The PUC conducted a hearing on all issues on August 31, 1989, and on August 22, 1990, it issued an order ruling against Brown. The Commission made various findings of fact and conclusions of law, holding that: (1) Brown was not entitled to sell energy to Idaho Power at the 200 rate because it had not, before the April 29, 1985, cutoff date, negotiated or entered into a contract with Idaho Power, nor had it filed a meritorious complaint against Idaho Power; (2) the letter sent to Brown by Idaho Power was informational only and was not an offer to contract; and (3) the Commission was not required to give Brown formal notice of the 248 proceeding. Brown filed a petition for rehearing, which the Commission denied. Brown then filed this appeal.

Brown raises the following issues on appeal:

1. Does the PUC have authority, under federal and state law, to establish a regulatory scheme to determine whether and when a qualifying CSPP is entitled to a contract to sell energy at avoided cost rates?

2. If so, did Brown comply with the Commission’s requirements before the April 29, 1985, cutoff date, such that he was entitled to sell energy to Idaho Power at the higher 200 rates?

3. Is the PUC required to comply with the Administrative Procedures Act when setting avoided cost rates, such that it was required to give Brown formal notice of the 248 rate-setting proceeding?

4. Did the PUC have jurisdiction to consider and rule on the damages issues?

Under Art. 5, § 9 of the Idaho Constitution, this Court has only limited jurisdiction to review decisions of the PUC. On questions of law, “[t]he review on appeal shall not be extended further than to determine whether the commission has regularly pursued its authority. . . .” I.C. § 61-629. See also, Idaho State Homebuilders v. Washington Water Power, 107 Idaho 415, 418, 690 P.2d 350, 353 (1984) (“In the instant case and in cases similar to this one, the scope of review is limited to a determination of `whether the Commission regularly pursued its authority’ and whether the constitutional rights of the appellant have been violated by the Commission’s action”); Utah Power Light v. Idaho Pub. Util. Com’n., 102 Idaho 282, 284, 629 P.2d 678, 680 (1981) (“This Court’s scope of review on appeal in cases of this type is to determine only if the Commission regularly pursued its authority and whether the constitutional rights of the utility were violated. . . .”)

Regarding questions of fact, where the Commission’s findings are supported by substantial, competent evidence, this

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court must affirm those findings. Empire Lumber v. Washington Water Power, 114 Idaho 191, 193, 755 P.2d 1229, 1231 (1988) (“`Where [the Commission’s] findings are supported by competent and substantial evidence this Court is obliged to affirm its decision,'” quoting Boise Water Corp. v. Idaho Public Utilities Comm’n, 97 Idaho 832, 555 P.2d 163 (1976)); Utah-Idaho Sugar Co. v. Intermountain Gas Co., 100 Idaho 368, 376, 597 P.2d 1058, 1066
(1979) (“In reviewing findings of fact we will sustain a Commission’s determination unless it appears that the clear weight of the evidence is against its conclusion or that the evidence is strong and persuasive that the Commission abused its discretion.”).

We first consider whether the Commission had authority to establish the requirement that, before a CSPP can lock-in a certain rate, there must be a signed contract to sell at that rate or a meritorious complaint alleging that the project was mature and that the developer had attempted, and failed, to negotiate a contract with the utility. Brown argued, before both the Commission and this Court, that the Commission was preempted by federal law from adopting such a rule and that a CSPP need only achieve qualifying status in order to obligate a utility to purchase power at the rates which existed when the developer became qualified. Thus, since Brown claims it became a QF before April 29, 1985, the established cutoff date for the 200 rates, it now argues that Idaho Power was obligated as a matter of law to buy power generated by Sunshine #2 at the 200 rate, regardless of whether Brown had a signed contract with Idaho Power or had filed a meritorious complaint. The Commission disagreed with this argument, concluding that it had authority to establish a negotiation and contract requirement pursuant to Empire Lumber v. Washington Water Power, 114 Idaho 191, 755 P.2d 1229 (1988) an Afton Energy, Inc. v. Idaho Power Co., 107 Idaho 781, 693 P.2d 427 (1984). We agree with the Commission.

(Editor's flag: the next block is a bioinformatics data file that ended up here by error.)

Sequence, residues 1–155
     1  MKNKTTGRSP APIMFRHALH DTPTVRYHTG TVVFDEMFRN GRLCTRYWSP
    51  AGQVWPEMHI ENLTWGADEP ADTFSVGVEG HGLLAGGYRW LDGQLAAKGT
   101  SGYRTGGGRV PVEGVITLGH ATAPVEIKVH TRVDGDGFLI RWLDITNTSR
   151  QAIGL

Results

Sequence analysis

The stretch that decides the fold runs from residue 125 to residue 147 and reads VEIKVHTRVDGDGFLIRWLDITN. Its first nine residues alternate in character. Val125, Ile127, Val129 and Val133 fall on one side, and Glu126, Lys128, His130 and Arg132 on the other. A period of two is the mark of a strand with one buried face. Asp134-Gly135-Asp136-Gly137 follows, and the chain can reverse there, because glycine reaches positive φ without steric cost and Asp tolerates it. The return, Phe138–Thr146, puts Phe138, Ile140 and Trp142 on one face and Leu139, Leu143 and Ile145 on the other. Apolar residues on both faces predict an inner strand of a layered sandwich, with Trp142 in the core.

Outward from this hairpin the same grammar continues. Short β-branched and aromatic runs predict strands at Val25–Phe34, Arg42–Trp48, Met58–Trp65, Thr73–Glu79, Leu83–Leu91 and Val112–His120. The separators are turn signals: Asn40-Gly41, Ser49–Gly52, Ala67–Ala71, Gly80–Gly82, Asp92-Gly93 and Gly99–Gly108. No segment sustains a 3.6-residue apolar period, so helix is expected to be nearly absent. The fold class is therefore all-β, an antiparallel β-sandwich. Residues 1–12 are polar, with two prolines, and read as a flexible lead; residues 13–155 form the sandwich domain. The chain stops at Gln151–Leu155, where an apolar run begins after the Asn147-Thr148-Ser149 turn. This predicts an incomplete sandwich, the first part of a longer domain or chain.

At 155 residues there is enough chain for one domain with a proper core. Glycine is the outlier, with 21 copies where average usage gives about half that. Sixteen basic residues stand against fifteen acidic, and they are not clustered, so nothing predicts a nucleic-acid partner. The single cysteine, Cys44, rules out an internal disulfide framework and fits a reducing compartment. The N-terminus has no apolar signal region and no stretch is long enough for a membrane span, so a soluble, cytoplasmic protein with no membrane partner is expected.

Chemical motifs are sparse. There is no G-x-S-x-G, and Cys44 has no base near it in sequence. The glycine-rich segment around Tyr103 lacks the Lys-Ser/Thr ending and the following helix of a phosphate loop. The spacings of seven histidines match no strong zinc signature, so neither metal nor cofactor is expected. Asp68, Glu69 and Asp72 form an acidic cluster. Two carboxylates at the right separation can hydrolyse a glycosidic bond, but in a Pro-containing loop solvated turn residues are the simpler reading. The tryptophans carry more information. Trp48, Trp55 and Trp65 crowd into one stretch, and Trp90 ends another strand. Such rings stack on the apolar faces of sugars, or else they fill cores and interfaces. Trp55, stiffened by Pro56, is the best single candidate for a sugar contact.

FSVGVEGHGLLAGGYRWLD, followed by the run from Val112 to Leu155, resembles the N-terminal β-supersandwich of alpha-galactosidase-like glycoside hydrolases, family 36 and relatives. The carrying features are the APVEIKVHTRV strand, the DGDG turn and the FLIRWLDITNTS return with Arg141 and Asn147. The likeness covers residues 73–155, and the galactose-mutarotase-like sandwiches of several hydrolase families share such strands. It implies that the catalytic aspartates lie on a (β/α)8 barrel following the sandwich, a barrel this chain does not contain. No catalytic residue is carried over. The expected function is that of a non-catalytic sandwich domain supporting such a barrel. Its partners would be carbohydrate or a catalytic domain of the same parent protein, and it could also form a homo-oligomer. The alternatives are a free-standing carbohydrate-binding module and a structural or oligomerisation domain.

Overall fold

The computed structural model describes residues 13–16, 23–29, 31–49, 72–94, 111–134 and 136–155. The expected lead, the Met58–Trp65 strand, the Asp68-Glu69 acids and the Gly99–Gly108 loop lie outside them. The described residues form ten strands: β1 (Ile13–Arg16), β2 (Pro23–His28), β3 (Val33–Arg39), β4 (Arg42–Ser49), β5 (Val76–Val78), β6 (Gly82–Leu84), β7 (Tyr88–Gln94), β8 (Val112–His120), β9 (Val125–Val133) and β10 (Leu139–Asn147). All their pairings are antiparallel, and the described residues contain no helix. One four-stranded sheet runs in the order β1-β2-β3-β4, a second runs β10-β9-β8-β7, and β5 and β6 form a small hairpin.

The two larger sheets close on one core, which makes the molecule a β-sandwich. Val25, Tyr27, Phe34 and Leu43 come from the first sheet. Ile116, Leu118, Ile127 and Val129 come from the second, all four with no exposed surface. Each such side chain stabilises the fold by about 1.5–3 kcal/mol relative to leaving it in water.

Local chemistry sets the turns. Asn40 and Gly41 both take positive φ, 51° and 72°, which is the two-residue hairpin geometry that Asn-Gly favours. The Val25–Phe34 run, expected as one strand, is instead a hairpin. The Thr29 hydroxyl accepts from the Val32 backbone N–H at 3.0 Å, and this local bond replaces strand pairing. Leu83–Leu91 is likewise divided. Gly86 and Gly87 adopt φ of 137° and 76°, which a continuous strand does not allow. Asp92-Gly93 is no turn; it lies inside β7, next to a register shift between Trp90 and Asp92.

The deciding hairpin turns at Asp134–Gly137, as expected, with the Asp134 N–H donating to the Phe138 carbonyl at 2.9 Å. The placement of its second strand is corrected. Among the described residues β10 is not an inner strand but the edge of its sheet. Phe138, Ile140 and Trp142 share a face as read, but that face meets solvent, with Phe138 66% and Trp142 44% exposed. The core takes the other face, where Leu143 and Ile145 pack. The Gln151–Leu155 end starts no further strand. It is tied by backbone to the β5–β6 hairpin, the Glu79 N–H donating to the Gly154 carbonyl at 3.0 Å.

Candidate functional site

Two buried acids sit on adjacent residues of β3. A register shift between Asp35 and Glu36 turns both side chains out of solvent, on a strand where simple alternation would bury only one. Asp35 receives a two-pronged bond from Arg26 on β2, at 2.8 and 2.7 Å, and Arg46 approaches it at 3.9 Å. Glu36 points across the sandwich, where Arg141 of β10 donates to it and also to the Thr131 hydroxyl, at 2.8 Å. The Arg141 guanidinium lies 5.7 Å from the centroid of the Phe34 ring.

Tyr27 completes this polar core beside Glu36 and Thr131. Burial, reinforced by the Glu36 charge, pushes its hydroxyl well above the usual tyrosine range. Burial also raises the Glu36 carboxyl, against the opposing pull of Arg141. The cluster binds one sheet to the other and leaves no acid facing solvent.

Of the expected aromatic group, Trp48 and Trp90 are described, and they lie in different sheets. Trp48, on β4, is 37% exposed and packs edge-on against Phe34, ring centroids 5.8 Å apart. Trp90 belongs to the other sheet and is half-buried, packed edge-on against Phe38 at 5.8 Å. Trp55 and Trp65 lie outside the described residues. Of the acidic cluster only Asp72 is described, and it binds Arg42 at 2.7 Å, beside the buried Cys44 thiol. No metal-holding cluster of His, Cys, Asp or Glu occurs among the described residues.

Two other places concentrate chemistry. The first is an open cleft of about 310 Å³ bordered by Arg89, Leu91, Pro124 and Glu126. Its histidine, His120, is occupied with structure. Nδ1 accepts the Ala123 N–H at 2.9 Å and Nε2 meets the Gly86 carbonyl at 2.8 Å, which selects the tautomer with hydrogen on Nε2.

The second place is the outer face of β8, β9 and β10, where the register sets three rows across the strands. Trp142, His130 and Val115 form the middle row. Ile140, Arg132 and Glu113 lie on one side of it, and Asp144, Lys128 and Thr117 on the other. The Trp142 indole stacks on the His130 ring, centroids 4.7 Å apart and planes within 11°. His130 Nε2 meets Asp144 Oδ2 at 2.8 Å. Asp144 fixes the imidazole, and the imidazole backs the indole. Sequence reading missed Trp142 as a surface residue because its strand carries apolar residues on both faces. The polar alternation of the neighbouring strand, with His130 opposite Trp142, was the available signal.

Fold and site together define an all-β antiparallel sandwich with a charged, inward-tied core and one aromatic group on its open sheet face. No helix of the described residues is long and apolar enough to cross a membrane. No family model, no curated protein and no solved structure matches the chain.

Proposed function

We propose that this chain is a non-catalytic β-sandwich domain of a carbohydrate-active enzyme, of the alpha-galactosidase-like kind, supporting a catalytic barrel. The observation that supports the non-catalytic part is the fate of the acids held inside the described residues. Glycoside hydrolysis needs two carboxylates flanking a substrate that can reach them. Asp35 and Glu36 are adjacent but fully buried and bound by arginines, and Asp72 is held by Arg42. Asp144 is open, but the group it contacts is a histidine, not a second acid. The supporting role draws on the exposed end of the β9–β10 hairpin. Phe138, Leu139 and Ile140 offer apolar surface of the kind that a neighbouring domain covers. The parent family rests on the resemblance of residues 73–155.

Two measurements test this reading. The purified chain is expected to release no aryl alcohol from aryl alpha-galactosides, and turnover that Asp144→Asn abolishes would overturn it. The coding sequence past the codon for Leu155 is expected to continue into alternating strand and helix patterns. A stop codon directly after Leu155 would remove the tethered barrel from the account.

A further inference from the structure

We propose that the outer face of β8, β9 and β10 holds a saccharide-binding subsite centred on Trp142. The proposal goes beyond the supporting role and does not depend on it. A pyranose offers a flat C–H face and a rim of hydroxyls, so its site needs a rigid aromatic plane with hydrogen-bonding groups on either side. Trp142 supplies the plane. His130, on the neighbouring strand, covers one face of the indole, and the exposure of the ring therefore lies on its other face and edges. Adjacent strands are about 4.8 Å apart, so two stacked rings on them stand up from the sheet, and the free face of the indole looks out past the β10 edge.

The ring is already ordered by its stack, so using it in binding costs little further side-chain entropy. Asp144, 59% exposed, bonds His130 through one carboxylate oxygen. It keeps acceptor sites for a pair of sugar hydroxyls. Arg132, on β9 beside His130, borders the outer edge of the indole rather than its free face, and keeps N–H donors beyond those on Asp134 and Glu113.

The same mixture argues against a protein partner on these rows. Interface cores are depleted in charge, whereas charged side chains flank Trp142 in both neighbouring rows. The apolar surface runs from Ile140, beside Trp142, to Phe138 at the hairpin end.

In Empire, this Court explained how the state was to implement PURPA:

The implementation of PURPA as it relates to co-generation and small power producers, and the regulations promulgated by FERC, have been largely left to the regulatory authorities of the individual states. PURPA, section 210(f), provides in part: “Each state regulatory [authority] shall . . . implement such [FERC] rule . . . for each electric utility for which it has ratemaking authority”. . . . The Idaho Public Utilities Commission is the agency authorized and directed to supervise and regulate electrical utilities, and has ratemaking authority over such utilities. I.C. §§ 61-501, 61-129; Grever v. Idaho Telephone Company, 94 Idaho 900, 499 P.2d 1256 (1972). The Commission, as part of its statutory duties, determines reasonable rates and investigates and reviews contracts. I.C. §§ 61-502,-503. The Commission, also has jurisdiction to hear complaints against utilities alleging violation of any provision of law or of any order or rule of the Commission. I.C. § 61-612. See, Afton Energy Inc. v. Idaho Power Company, 111 Idaho 925, 729 P.2d 400 (1986). Thus, it is clear that the Idaho Public Utilities Commission is granted authority by the Idaho statutes to, and is the appropriate forum to resolve whether a co-generator or small power producer has satisfied the criteria for “qualified facility” status, and to determine whether a regulated utility has an obligation under PURPA to purchase power from an applicant.